Seasnakes: Seasnakes are not uncommon and although some are exceedingly venomous, they are not aggressive. They are, however, occasionally inquisitive. Being the object of a seasnake’s curiosity is certainly going to feel threatening, but if you stay calm and don’t make the snake feel threatened too, everything will be ok. Again, being in the company of a good guide will help you avoid such situations.


Avoiding harm from the dangerous smaller stuff is as simple as don’t touch!

No matter how tiny and pretty something is (like a blue ringed octopus) or how soft or harmless it might look (like fire coral) you shouldn’t touch it. Asking for trouble if you do. Diving codes of conduct forbid touching for good reason. Many corals will suffer damage from even a light touch, so it’s best practice from both environmental and safety perspectives to not touch any marine creatures.

You should never walk or stand on coral at any time, but if you’re exploring sandflats or limestone reefs at low tide you shouldn’t be barefoot. There’s lots of animals like stingrays and stonefish lying concealed in the shallows waiting for the water to return.

Finally, the most irritating (but not dangerous) critters in the ocean are invisible. Tiny stinging jellyfish. Wearing a lycra skin suit is the only guaranteed protection against them.

What other health risks are there in Raja Ampat?

Dehydration: It’s a hot environment. You’ll be losing lots of water and electrolytes and swimming in salt water won’t stop it. Drink lots of water, eat a little more salt than usual and have some oral rehydration salts handy just in case.

Sunburn: High risk – cover up! Sunscreens should not be used, as they are proven to cause damage to coral. You might think that it won’t matter if you use the minimum required – after all, you’re only one person in a big ocean, right? Unfortunately research shows that even tiny amounts of sunscreen have a big impact on corals.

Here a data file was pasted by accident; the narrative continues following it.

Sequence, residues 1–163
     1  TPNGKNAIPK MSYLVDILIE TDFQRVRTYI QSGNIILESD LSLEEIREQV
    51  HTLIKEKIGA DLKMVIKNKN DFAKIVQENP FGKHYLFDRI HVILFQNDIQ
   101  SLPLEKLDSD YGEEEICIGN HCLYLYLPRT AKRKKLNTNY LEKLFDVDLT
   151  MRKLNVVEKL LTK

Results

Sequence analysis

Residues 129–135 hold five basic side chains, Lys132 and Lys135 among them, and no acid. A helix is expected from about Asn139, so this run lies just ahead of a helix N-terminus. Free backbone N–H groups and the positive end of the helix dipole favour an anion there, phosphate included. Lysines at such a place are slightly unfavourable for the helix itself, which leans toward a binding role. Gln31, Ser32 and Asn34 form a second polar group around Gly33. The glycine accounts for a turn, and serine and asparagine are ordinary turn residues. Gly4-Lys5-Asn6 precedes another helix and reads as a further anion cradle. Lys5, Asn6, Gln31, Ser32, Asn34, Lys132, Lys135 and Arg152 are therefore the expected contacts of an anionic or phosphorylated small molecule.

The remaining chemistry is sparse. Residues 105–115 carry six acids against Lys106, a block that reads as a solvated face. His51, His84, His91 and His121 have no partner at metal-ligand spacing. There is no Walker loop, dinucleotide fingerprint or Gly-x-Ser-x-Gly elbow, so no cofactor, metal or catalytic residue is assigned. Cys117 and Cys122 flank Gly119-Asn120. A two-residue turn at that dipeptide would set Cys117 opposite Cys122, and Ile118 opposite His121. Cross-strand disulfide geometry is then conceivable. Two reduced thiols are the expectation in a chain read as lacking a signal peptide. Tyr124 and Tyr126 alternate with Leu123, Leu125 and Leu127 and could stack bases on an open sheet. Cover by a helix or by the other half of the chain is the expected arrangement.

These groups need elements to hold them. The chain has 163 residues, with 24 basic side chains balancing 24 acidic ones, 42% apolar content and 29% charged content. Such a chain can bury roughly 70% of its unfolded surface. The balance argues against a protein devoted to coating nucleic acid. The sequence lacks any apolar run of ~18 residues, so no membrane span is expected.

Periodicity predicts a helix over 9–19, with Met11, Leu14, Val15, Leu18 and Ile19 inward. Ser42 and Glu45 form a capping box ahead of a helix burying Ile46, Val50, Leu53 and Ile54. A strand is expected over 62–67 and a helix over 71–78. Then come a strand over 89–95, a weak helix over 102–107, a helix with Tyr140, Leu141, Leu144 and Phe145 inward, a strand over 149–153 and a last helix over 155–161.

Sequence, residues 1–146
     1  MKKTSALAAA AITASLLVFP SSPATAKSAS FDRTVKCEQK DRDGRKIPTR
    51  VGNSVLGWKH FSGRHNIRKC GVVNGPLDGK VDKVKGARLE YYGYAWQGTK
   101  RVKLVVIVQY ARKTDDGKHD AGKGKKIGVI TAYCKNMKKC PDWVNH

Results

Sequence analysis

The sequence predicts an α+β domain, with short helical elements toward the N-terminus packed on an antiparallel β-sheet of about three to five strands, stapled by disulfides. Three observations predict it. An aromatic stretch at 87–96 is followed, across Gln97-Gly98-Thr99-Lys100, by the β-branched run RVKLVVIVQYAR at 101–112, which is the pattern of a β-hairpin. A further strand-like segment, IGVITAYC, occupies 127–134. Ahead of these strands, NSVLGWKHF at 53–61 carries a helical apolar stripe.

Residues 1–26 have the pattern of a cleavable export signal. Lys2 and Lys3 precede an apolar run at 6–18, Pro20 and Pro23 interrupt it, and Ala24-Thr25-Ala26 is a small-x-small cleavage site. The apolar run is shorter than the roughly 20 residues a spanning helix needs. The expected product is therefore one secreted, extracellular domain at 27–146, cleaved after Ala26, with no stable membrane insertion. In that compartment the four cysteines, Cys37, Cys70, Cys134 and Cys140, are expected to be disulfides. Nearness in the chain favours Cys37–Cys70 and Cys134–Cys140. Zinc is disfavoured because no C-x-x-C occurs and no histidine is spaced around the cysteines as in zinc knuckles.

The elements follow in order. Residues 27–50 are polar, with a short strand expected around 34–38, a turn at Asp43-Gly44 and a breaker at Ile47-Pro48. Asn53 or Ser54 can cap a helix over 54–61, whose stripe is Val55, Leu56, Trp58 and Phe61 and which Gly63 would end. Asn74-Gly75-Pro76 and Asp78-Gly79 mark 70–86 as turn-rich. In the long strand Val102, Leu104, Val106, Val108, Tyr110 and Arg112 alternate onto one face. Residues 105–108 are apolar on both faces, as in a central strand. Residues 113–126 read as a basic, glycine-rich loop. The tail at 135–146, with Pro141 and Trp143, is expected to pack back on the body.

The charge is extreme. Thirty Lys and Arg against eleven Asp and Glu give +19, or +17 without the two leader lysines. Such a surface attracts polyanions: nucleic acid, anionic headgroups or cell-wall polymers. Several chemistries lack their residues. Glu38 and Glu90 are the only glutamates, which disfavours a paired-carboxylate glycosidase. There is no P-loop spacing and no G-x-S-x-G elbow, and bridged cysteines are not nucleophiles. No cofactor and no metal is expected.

Use sun-safe swimwear instead. Not only will you avoid reef damage by doing so, but you’ll be protected from those pesky tiny jellyfish mentioned above. Besides – don’t you think it’s ironic that even the best coral-safe sunscreen is still packaged in plastic? Plastic that, if left in Raja Ampat, will eventually end up in the ocean. Sun-safe swimwear will save you a pile of money in the long run too!

Ocean currents: Raja Ampat’s tides create extremely strong currents in some locations. These can be very close to the beach in some cases and nowhere in Raja Ampat is completely free of them. Some currents are obvious, others can be invisible until you realise you’re moving quickly relative to the shore. The strongest currents are impossible to swim against, regardless of your ability or whether you are wearing fins or not. Always be aware of your surroundings when swimming or snorkelling. If you are not a confident swimmer and are not swimming/snorkelling with a boat nearby, then it’s safest to only enter the water on the slack of the tide.

Insect bites: There are a lot of insects in Raja Ampat that can give irritating bites, but sand flies are the worst in our opinion. They are virtually invisible, exceedingly tiny, black flies that are common in many beachside locations. They most commonly attack at dusk, usually (but not always) on your lower legs and arms. The bites take several hours to appear, are incredibly itchy, and last for days. Because of the delayed reaction, many guests wake up at night and assume they’ve been bitten by bedbugs. We’ve never known of a single proven infestation of bedbugs in homestay accommodation. It’s much more likely that sandflies were the culprits. It’s good practice to liberally apply an insect repellant late in the afternoon after your last swim!